The glomerulus is injured by a variety of mechanisms. A. Preformed immune deposits can precipitate from the circulation and collect along the glomerular basement membrane (GBM) in the subendothelial space or can form in situ along the subepithelial space. B. Immunofluorescent staining of glomeruli with labeled anti-IgG demonstrating linear staining from a patient with anti-GBM disease or immune deposits from a patient with membranous glomerulonephritis. C. The mechanisms of glomerular injury have a complicated pathogenesis. Immune deposits and complement deposition classically draw macrophages and neutrophils into the glomerulus. T lymphocytes may follow to participate in the injury pattern as well. D. Amplification mediators as locally derived oxidants and proteases expand this inflammation, and, depending on the location of the target antigen and the genetic polymorphisms of the host, basement membranes are damaged with either endocapillary or extracapillary proliferation.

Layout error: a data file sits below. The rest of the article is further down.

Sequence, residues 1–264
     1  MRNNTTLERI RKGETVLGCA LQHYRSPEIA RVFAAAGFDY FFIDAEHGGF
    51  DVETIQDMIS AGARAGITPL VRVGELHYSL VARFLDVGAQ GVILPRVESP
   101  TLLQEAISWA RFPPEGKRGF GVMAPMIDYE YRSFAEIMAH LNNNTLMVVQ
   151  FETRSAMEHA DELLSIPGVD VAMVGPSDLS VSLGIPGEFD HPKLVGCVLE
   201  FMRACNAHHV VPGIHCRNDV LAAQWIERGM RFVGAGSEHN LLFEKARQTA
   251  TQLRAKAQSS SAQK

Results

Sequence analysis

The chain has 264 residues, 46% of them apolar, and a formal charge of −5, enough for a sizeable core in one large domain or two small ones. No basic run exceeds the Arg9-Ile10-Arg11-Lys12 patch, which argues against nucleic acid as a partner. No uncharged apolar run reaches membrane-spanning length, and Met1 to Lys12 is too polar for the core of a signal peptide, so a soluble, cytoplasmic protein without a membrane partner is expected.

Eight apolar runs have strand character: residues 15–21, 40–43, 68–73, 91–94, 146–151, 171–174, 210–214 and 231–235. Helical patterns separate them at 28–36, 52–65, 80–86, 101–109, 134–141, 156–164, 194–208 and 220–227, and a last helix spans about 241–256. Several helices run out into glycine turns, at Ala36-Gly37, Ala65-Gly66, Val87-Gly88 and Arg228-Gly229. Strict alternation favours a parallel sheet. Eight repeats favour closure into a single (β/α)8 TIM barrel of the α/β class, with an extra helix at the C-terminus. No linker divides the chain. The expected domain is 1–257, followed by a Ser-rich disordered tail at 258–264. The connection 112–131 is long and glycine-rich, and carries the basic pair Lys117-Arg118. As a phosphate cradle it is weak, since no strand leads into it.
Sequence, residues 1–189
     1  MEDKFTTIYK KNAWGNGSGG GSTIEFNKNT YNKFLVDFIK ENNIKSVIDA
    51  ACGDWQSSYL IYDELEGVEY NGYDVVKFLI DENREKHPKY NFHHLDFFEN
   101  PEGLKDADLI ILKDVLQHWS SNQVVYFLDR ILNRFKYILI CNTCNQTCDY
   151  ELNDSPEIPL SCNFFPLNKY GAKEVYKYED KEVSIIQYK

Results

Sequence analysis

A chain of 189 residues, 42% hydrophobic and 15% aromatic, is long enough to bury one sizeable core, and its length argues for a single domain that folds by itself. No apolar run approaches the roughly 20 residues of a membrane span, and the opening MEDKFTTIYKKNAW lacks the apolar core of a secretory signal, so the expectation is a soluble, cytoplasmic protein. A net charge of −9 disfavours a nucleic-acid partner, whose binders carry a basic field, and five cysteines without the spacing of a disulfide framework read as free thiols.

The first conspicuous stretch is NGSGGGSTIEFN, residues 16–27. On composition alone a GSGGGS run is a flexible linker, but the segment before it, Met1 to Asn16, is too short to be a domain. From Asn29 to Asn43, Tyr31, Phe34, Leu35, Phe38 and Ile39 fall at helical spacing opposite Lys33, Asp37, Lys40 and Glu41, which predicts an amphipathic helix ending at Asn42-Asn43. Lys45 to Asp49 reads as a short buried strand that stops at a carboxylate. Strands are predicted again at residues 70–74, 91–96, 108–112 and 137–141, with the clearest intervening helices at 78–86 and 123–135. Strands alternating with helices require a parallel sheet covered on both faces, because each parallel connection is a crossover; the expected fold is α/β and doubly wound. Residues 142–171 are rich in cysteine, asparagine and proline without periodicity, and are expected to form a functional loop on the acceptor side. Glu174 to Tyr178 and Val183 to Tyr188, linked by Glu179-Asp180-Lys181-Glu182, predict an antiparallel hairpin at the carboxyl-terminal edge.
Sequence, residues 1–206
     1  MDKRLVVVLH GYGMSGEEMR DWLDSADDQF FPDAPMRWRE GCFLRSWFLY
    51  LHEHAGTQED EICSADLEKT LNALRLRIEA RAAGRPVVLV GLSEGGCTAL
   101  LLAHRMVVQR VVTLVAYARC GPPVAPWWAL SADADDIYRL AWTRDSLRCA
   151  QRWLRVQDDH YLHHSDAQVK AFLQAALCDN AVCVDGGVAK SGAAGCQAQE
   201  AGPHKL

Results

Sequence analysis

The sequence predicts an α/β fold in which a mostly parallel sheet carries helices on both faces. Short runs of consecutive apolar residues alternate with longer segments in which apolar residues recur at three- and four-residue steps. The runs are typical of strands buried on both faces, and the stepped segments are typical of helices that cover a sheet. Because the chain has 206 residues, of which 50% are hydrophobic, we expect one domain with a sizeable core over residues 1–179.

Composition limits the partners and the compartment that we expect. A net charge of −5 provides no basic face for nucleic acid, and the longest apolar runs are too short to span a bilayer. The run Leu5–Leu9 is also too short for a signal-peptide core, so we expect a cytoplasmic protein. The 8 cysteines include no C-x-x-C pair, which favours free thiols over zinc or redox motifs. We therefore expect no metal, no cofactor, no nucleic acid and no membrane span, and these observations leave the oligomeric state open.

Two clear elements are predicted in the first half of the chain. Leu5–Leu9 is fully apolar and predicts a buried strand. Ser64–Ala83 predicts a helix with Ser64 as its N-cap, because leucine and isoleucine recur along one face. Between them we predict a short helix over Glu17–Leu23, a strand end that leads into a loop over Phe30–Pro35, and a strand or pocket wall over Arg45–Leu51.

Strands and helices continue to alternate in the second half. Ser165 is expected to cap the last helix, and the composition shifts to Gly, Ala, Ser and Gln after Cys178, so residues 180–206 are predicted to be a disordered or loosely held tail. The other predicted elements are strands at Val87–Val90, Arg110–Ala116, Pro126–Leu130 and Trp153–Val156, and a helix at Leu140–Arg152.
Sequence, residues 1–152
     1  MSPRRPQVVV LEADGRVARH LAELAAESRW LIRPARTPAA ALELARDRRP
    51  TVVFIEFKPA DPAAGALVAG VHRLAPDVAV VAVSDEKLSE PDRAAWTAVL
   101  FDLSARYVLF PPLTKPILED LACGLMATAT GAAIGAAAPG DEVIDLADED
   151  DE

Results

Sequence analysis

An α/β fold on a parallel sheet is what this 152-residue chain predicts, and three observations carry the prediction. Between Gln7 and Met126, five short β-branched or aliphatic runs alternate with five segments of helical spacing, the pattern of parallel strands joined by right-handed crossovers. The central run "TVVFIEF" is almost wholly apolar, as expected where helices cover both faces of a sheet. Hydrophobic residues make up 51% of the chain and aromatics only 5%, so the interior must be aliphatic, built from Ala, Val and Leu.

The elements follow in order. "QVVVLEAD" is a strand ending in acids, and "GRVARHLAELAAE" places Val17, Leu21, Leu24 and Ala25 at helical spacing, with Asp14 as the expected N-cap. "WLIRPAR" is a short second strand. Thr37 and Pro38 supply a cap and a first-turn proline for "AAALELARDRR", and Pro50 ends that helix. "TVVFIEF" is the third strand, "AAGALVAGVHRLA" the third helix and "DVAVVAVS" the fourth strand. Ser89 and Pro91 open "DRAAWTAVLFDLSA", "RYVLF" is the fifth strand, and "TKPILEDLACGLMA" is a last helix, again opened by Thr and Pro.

While the adaptive immune response is similar to that of other tissues, early T cell activation plays an important role in the mechanism of glomerulonephritis. Antigens presented by class II major histocompatibility complex (MHC) molecules on macrophages and dendritic cells in conjunction with associative recognition molecules engage the CD4/8 T cell repertoire. Local activation of Toll-like receptors on glomerular cells, deposition of immune complexes, or complement injury to glomerular structures induces mononuclear cell infiltration, which subsequently leads to an adaptive immune response attracted to the kidney by local release of chemokines. Neutrophils, macrophages, and T cells are drawn by chemokines into the glomerular tuft, where they react with antigens and epitopes on or near somatic cells or their structures, producing more cytokines and proteases that damage the mesangium, capillaries, and/or the GBM.